In July I wrote a post, Body Talk, which dealt with how theatre has been used around the world by the global movement to end violence against women and girls. It’s focus was Eve Ensler’s play, The Vagina Monologues, and a play touring in China, Our Vaginas, Ourselves. A week or so ago, The Atlantic published an article by Gabrielle Jaffee which takes the debate back to China:
Performing The Vagina Monologues in China
The ongoing controversy of the iconic play reflects feminism’s struggle to establish a toehold in a still conservative society.
“When I first heard about The Vagina Monologues, I was shocked. I thought, how could someone give a play a name like that?” says Xiao Hang. That was five years ago, when Xiao Hang was, by her own admission, “mainstream and quite conservative.” But after volunteering for an NGO in her sophomore year at college, she began to see society through a different lens. She no longer thinks, as she once did, that “it isn’t elegant to talk about your vagina in public.” In fact, she thinks it’s vital to.
Today Xiao Hang is one of the organizers behind Bcome, the Beijing-based feminist group which has put on around a dozen performances of The Monologues this year to mark the ten-year anniversary of its first showing in China. Performed in over 150 countries worldwide in some 50 different languages, Eve Ensler’s play was first shown in the Mainland at Guangzhou’s Sun Yatsen University in 2003.
In their offices just outside Beijing’s third ring road, Xiao Hang and Bcome’s other volunteers are preparing leaflets to send out for the International Day for the Elimination of Violence against Women. The leaflets have titles such as “20 Misconceptions about Sexual Violence,” “The ABCs of Feminism,” and “Resist Verbal Abuse.”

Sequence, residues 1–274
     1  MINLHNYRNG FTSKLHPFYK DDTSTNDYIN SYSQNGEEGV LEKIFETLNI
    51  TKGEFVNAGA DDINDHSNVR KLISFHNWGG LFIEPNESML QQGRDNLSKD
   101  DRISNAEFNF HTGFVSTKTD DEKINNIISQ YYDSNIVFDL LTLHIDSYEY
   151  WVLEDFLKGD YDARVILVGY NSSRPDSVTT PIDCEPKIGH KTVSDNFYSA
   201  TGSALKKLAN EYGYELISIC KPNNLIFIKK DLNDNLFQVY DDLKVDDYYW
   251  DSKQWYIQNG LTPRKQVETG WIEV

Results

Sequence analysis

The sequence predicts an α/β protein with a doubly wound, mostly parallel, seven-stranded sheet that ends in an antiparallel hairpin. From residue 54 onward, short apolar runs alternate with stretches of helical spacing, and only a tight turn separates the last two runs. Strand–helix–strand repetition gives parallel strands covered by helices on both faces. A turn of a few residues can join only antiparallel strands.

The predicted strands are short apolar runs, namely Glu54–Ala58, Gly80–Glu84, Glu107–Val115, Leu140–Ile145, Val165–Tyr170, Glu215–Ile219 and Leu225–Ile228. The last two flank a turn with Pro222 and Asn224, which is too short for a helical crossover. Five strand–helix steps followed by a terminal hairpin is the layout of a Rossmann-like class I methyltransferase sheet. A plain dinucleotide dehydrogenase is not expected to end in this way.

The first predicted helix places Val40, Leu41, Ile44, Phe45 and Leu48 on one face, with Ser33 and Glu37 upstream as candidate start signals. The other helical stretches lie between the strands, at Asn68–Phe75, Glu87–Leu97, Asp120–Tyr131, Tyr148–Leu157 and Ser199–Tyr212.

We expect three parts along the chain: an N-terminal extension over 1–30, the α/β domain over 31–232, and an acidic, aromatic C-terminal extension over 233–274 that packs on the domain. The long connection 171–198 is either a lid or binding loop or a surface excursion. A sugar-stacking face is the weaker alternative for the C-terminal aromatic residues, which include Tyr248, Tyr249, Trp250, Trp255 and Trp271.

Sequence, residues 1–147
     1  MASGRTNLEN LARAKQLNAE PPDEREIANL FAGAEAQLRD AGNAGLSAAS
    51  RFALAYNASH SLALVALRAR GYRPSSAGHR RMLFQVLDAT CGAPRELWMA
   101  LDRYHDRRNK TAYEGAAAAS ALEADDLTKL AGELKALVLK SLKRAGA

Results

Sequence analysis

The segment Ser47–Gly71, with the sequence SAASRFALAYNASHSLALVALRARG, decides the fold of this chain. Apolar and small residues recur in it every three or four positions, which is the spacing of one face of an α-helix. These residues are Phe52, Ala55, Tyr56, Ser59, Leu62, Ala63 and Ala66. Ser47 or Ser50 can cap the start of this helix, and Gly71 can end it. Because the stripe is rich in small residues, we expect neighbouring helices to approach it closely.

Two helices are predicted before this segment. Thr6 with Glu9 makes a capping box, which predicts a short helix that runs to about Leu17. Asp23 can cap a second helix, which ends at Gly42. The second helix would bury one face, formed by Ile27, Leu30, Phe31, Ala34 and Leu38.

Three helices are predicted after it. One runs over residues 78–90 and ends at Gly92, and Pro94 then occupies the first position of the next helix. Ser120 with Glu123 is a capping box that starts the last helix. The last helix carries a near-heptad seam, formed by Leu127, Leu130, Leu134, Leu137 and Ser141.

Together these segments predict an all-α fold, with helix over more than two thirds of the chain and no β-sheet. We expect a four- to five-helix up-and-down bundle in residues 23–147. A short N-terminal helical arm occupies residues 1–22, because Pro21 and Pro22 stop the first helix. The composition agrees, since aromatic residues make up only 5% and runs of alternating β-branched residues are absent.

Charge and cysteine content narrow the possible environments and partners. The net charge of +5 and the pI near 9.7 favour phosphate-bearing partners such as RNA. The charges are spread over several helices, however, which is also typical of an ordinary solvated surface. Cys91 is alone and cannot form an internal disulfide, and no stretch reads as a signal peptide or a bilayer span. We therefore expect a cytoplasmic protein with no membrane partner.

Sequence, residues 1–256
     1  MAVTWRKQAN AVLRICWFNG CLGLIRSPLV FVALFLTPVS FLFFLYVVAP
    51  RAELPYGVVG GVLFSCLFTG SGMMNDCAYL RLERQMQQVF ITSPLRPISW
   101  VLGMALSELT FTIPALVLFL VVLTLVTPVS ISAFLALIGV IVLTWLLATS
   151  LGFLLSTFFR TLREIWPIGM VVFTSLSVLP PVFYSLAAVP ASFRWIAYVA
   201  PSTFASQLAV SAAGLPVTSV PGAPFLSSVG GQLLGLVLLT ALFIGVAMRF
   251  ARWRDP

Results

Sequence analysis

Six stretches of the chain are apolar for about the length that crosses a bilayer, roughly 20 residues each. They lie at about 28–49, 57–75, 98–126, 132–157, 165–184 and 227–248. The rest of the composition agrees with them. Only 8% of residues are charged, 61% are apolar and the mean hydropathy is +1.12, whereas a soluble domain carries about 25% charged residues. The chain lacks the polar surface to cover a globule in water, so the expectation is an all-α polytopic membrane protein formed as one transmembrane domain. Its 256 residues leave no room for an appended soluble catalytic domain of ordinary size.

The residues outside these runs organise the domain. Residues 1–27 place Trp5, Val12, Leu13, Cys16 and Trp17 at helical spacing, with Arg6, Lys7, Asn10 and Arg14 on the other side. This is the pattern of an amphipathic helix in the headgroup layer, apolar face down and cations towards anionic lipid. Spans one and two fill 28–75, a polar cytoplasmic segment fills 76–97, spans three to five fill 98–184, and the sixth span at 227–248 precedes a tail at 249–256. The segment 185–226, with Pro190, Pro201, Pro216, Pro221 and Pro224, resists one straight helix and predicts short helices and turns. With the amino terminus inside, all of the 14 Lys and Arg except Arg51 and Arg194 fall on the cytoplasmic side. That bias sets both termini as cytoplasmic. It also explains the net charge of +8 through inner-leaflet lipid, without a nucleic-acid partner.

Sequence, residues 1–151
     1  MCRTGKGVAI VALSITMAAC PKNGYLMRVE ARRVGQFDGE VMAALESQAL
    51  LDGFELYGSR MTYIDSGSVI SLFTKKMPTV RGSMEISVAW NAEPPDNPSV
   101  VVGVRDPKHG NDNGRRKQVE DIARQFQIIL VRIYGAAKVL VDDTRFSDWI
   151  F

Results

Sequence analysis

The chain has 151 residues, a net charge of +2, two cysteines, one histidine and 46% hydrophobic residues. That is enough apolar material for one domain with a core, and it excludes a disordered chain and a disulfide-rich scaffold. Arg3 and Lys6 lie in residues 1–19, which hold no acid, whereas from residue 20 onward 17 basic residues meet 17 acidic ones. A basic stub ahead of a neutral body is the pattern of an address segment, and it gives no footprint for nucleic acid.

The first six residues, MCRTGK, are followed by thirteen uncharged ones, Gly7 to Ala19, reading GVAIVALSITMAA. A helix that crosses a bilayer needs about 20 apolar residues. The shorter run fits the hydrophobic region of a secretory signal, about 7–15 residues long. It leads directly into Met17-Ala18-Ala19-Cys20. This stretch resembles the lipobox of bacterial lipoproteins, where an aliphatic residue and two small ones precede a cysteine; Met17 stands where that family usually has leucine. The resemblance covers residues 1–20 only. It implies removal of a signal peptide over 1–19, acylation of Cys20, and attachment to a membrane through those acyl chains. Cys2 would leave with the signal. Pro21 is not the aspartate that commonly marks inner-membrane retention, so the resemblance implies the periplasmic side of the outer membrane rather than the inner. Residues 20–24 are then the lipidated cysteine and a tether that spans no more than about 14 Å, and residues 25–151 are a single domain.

“We’ve already done lots of online and print promotions as well as panel discussions. The Vagina Monologues is new, fresh and attention-grabbing,” says Ai Ke, another organizer. “It’s not just a play, it’s a tool for spreading feminism, a method for public education.”
To prepare the script, the organizers translated from the English version, took parts from past Mandarin versions, and created original scenes through a series of workshops they ran last year. At the beginning of each workshop, they voted on which topic they wanted to discuss (“We’re very democratic,” laughs Xiao Hang), noted down their own experiences, and gave key words to the scriptwriters. “We wanted to localize the play as much as possible, so we added issues such as the obsession and anxiety over virginity,” explains Ai Ke.